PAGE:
I hate you, Eric Holzle. Well, maybe not hate. But I am extremely jealous…
Some of you may have heard of the original ‘stinky t-shirt study‘:
In 1996, Claus Wedekind, a zoologist at Bern University in Switzerland, conducted what’s become known as the stinky T-shirt study. Wedekind had 44 men each wear a t-shirt for two nights straight, then tested how women reacted to the smelly shirts.
Like mice, women preferred the scent of men whose immune systems were unlike their own. If a man’s immune system was similar, a woman tended to describe his T-shirt as smelling like her father or brother.
More recent fiindings link this effect directly to genes in the major histocompatibility complex, or MHC:
…Then they looked at three MHC genes, each with two different varieties, and compared each partner’s genetic makeup.
The more similar, the less sexually responsive they were to their partners. They also were more unfaithful. The genetically similar women reported more attraction, interest and fantasy toward other men prior to ovulation. When they were not in this phase of the cycle, they showed no sexual interest outside of their partner.
So, I’m poking around at this stuff, thinking “This is the basis of a dating site! I can see it now: Get people to get their genes tested, have them post the data about their alleles to the site… it’s a simple match. If you make some money, you could even fund some research to collect more data about the impact of particular differences. You could market through gene testing clinics… damn, this has legs!”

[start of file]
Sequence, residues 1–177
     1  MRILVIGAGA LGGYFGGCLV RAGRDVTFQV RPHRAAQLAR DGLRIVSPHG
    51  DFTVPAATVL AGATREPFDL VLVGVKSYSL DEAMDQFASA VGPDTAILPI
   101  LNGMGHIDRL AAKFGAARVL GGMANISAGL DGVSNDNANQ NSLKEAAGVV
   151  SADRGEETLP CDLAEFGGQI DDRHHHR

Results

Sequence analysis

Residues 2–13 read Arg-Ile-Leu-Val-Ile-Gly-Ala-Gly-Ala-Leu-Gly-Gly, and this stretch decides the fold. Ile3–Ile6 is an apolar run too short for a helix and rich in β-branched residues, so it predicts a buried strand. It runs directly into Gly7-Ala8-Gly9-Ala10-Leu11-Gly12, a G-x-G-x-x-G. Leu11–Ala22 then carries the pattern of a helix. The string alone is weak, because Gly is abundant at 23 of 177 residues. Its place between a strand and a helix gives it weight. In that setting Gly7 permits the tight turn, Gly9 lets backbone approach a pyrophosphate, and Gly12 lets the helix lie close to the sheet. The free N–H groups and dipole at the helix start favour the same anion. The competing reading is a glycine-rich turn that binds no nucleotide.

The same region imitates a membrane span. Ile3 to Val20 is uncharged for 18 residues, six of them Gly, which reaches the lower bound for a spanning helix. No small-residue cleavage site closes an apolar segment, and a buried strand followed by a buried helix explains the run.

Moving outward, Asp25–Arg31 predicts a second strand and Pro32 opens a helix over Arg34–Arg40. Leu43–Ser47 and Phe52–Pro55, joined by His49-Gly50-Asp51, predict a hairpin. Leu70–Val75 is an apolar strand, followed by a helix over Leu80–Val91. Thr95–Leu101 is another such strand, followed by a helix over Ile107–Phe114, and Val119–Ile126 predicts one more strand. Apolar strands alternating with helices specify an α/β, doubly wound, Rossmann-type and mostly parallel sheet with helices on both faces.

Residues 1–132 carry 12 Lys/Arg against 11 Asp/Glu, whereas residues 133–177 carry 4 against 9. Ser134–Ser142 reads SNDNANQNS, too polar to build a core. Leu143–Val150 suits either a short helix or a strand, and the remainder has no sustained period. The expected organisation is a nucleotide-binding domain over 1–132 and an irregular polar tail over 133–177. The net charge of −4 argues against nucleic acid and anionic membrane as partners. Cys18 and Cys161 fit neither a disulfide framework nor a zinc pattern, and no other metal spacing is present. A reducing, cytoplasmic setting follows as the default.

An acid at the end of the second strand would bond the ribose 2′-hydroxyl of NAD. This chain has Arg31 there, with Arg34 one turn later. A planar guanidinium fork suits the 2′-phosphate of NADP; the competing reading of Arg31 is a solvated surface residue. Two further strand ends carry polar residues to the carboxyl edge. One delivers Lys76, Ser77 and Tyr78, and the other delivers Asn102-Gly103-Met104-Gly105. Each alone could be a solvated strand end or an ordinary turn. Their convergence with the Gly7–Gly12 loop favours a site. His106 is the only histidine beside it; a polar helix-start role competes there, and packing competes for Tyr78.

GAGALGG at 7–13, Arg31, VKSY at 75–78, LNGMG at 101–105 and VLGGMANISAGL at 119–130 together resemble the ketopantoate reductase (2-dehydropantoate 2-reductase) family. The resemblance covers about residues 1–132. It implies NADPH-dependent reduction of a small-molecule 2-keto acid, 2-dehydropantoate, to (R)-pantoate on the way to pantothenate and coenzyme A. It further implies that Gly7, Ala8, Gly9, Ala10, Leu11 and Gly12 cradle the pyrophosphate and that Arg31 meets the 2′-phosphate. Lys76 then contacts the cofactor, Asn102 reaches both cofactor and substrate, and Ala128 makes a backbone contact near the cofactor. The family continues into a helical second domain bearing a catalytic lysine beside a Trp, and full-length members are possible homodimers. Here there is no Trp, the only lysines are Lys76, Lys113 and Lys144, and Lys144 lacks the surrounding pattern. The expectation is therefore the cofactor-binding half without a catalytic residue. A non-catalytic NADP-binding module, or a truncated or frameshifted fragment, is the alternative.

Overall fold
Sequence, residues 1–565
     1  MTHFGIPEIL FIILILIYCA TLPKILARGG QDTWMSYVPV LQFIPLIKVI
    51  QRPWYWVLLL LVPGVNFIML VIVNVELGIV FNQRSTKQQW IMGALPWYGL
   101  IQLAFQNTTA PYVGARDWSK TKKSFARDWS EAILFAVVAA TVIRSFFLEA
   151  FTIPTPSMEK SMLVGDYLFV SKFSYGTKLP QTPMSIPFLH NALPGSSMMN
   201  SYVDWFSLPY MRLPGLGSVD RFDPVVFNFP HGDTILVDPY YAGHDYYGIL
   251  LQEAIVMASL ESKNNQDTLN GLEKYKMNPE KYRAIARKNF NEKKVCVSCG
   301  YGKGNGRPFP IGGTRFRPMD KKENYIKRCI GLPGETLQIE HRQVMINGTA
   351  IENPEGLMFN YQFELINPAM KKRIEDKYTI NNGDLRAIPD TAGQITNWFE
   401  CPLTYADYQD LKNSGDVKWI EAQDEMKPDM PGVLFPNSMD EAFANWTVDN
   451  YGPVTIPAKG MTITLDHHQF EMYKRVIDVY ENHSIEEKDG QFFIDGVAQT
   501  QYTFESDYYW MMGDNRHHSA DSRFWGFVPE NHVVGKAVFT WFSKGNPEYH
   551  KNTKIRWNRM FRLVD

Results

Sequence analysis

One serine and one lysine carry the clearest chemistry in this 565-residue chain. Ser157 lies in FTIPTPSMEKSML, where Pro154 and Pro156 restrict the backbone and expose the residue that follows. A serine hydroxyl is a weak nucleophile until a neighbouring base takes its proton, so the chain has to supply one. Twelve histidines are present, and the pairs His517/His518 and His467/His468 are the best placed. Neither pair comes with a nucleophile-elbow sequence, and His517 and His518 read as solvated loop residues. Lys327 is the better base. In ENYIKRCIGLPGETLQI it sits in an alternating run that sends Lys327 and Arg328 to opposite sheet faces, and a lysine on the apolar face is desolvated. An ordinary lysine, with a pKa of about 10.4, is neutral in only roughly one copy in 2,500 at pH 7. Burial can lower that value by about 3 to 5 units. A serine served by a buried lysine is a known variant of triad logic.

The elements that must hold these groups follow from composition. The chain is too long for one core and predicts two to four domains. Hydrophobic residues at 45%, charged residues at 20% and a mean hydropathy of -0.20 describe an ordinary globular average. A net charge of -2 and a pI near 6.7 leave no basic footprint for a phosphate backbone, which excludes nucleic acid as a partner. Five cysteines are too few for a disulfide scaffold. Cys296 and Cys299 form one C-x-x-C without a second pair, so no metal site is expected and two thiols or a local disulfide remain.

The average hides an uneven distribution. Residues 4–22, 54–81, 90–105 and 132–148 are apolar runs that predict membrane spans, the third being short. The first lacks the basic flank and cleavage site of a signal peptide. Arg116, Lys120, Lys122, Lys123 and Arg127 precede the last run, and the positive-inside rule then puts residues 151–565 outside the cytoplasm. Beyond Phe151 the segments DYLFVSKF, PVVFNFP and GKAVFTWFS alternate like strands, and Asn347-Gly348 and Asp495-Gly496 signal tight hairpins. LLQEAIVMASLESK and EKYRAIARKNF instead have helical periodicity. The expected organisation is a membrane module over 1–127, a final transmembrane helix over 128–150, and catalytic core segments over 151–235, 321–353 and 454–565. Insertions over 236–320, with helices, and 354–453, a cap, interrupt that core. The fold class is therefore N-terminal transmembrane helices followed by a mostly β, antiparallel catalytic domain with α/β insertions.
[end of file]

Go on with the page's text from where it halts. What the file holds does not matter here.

Then, as I googled, I saw Eric’s patent application:
3. A method of matching human beings with others, comprising the steps of: (a) assembling and/or defining a population of human participants, physically and/or virtually, to be matched amongst themselves and/or any future or past participants in the context of a dating service, dating services, or other social groups or organizations; (b) producing, assembling, and/or observing the class I and class II MHC profiles of all or any fraction of the participants, where said profiles include the HLA-A and HLA-B loci in the class I region, and the DRB1 locus in the class II region; (c) comparing said profiles of some or all of the participants with said profiles of others and rating the degree of compatibility between any two or more people according to the number of alleles they have in common, where fewer commonalities represent a greater degree of compatibility; (d) matching said participants based on said comparisons.
Well, it is just a patent application, but if Amazon can get the 1-click patent, this is a shoo-in. I’m not familiar with the relevant bodies of prior art, but as such claims go, this isn’t bad.
Damn you, Eric Holzle. Damn you.